When an adserver DNS server receives a redirect, it takes the logical name of a sub-domain sent from the advertiser DNS server (e.g., “ads.companyname.com”) and resolves it into an adserver IP address. For example, “ads.companyname.com” would be resolved into an IP address, such as “188.8.131.52.” A browser request for the web site “ads.companyname.com” travels to the advertiser DNS server and then to the adserver DNS server. The adserver DNS server would return the IP address “184.108.40.206” to the browser. After receiving the associated IP address, the browser sends any cookies associated with the domain “.advertiser.com” along with the web page request to the associated IP address. On advantage of DNS delegation, for example, is that it can seamlessly integrate with an adserver's existing proprietary solutions for load-balancing and fail-over of advertisement serving.
The adserver 112 receives the request to serve the advertiser banner 110 and determines an advertisement for displaying in the banner 110. The adserver 112, for example, may determine an appropriate content for the advertising banner 110 depending upon at least one value of a cookie received from the browser 102. When the adserver 112 receives and reads a cookie 104 accompanying a browser request, for example, the adserver 112 may recognize cookie values identified for advertisement selection that the advertiser's web server originally placed in the cookie. For example, if an advertiser's web server recognizes that a particular customer who is visiting the advertiser's web site is a high value customer. The web server then sets a cookie 104 to the customer's browser 102 containing the domain “.advertiser.com” and the data “Target=high_value.” The advertiser 114 previously communicated with an adserver 112 to convey the rule that whenever the adserver 112 encounters cookie data with “Target=high_value,” the adserver 112 should recognize that it is dealing with a high value customer of the advertiser 114 and should serve advertising appropriate to such a customer. Each time the customer visits the “www.advertiser.com” web site, the “Target” cookie value can be reset by the advertiser's web server to reflect the customer's current value status. For instance, the customer may be a “medium_value” customer when he first accesses the advertiser's web site, but then makes a large purchase. The advertiser's web server can update the customer's status to “high_value” and then reset the cookie information accordingly. If the customer's browser 102 subsequently interacts with the adserver's web server, the updated cookie value will instantaneously cause a “high_value” advertisement to be returned from the adserver's web server to the customer's browser 102.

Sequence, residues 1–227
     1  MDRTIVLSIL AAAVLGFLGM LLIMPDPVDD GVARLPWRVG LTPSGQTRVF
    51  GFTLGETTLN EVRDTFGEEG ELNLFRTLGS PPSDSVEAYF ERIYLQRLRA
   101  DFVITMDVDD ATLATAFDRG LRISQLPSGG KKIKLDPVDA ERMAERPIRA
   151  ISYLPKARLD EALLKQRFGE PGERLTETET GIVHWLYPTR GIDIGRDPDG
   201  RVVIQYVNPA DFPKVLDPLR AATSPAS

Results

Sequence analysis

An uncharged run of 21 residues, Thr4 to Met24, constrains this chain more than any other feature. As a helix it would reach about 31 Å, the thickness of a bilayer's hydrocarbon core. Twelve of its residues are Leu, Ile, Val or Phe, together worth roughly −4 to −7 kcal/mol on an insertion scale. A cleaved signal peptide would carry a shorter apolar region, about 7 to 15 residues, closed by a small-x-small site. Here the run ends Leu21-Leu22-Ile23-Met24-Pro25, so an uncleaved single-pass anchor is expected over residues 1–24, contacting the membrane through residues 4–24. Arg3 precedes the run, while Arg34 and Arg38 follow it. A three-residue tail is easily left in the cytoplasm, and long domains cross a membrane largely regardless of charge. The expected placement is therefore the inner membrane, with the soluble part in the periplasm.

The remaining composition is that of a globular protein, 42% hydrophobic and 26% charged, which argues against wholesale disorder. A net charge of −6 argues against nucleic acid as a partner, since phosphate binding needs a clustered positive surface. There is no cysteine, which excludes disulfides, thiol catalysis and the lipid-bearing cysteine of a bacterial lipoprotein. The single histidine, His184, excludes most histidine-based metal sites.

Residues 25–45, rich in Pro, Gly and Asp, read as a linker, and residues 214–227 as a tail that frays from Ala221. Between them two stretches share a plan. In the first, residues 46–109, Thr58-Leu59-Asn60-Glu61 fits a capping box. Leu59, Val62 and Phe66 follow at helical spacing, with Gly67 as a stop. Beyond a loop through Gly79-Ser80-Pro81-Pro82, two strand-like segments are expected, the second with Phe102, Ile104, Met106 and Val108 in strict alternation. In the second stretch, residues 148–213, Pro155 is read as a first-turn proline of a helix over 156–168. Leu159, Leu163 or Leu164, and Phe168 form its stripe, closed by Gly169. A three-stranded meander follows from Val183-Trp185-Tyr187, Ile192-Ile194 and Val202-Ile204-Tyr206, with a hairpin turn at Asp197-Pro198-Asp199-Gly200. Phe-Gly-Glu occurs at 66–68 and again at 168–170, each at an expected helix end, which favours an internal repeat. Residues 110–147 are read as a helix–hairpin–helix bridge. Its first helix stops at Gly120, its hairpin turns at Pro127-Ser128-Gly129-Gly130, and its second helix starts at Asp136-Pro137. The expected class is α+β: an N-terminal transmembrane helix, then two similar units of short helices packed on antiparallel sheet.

While the adserver 112 is serving web advertising from within the domain 116 of the advertiser 114, the adserver 112 may not be not limited to serving advertisements on behalf of the primary advertiser 114. Instead, the adserver 112 can serve advertisements from one or more other companies (or fourth parties). If the fourth parties have pre-existing relationships with the advertiser 114 (e.g., marketing partnerships, cross-selling agreements, joint ventures, etc.) both the advertiser 114 and fourth parties can reap the extra benefits of having the fourth party advertisements be served from within a sub-domain of the advertiser 114.
If the user clicks on or otherwise selects the advertisement in the banner 110, the user's browser is directed to a web site of the advertiser 114, which is located within the advertiser's domain “advertiser.com.”
Continuing the above example, in Hour 1 a user directs her web browser to the “home.lender.com” web site. She then completes a “Request Loan” web form and the Lender web server sets a cookie on her browser containing the completed information. Lender, the advertiser, enters into an arrangement with Adserver to serve banner advertisements on publisher web sites “publisher1.com” and “publisher2.com.” Lender and Adserver configure their servers and DNS servers according to an implementation described above. Adserver has a domain of “ads.lender.com” that is a sub-domain of the advertiser Lender's domain “lender.com.” In Hour 2, the user directs her browser to the publisher's web site “publisher1.com” that includes a banner advertisement for Lender that is served by Adserver. Because the user's browser already contains a cookie for the domain lender.com created in Hour 1 by the lender web server, the cookie is sent by the browser to the Adserver web server along with a request for the banner advertisement. The Adserver web server reads the cookie and recognizes that the customer has a pending loan application. In response, the Adserver web server sends “Banner 1” advertisement back to the web browser.
In Hour 3, the user visits “lender.com” again and this time selects a rate of 4%. This information is added to the “lender.com” cookie by the Lender web server. In Hour 4, the user directs her browser to the second publisher web site “publisher2.com,” which also contains a Lender banner advertisement. The browser sends the lender.com cookie to the Adserver web server requesting the banner advertisement. The Adserver web server reads the cookie and recognizes that the rate or 4% as set by the Lender web server in Hour 3. In response, the Adserver web server sends “Banner 4” back to the web browser.